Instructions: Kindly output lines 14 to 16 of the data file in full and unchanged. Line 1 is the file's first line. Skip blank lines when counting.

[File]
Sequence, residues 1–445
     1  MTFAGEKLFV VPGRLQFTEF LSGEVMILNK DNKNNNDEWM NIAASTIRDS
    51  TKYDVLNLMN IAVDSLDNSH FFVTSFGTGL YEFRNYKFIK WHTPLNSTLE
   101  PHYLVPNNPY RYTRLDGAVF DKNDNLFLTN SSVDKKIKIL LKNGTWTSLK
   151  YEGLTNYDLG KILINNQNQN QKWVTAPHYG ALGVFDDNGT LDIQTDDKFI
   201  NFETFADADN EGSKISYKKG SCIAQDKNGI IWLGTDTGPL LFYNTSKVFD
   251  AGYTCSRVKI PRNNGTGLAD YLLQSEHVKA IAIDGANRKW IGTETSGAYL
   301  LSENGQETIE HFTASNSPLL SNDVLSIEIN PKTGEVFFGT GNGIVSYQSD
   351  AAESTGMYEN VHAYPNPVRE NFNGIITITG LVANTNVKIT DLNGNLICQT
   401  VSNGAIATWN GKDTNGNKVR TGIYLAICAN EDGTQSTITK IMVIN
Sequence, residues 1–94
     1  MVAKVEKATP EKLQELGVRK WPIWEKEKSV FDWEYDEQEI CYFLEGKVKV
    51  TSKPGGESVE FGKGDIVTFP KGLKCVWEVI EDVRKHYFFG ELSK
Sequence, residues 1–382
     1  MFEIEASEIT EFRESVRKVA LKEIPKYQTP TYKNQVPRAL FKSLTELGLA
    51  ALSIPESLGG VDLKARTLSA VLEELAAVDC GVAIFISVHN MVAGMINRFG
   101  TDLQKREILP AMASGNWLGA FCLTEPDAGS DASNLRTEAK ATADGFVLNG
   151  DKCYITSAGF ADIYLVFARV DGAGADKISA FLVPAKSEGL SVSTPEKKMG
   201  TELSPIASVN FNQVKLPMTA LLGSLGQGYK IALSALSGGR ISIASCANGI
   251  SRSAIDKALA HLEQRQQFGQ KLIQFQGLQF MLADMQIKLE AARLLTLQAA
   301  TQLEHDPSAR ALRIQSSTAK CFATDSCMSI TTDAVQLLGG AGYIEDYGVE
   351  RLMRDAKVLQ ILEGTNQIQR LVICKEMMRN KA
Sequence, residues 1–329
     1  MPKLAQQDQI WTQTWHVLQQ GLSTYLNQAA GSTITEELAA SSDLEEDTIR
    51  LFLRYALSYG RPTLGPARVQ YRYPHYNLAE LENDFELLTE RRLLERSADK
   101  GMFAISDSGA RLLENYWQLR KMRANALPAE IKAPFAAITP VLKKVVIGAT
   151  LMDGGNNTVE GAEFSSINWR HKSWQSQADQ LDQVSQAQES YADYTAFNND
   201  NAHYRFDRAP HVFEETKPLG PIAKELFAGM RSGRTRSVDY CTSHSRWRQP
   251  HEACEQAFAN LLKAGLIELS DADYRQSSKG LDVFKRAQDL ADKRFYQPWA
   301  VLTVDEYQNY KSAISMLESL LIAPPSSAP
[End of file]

Sequence, residues 1–382
     1  MFEIEASEIT EFRESVRKVA LKEIPKYQTP TYKNQVPRAL FKSLTELGLA
    51  ALSIPESLGG VDLKARTLSA VLEELAAVDC GVAIFISVHN MVAGMINRFG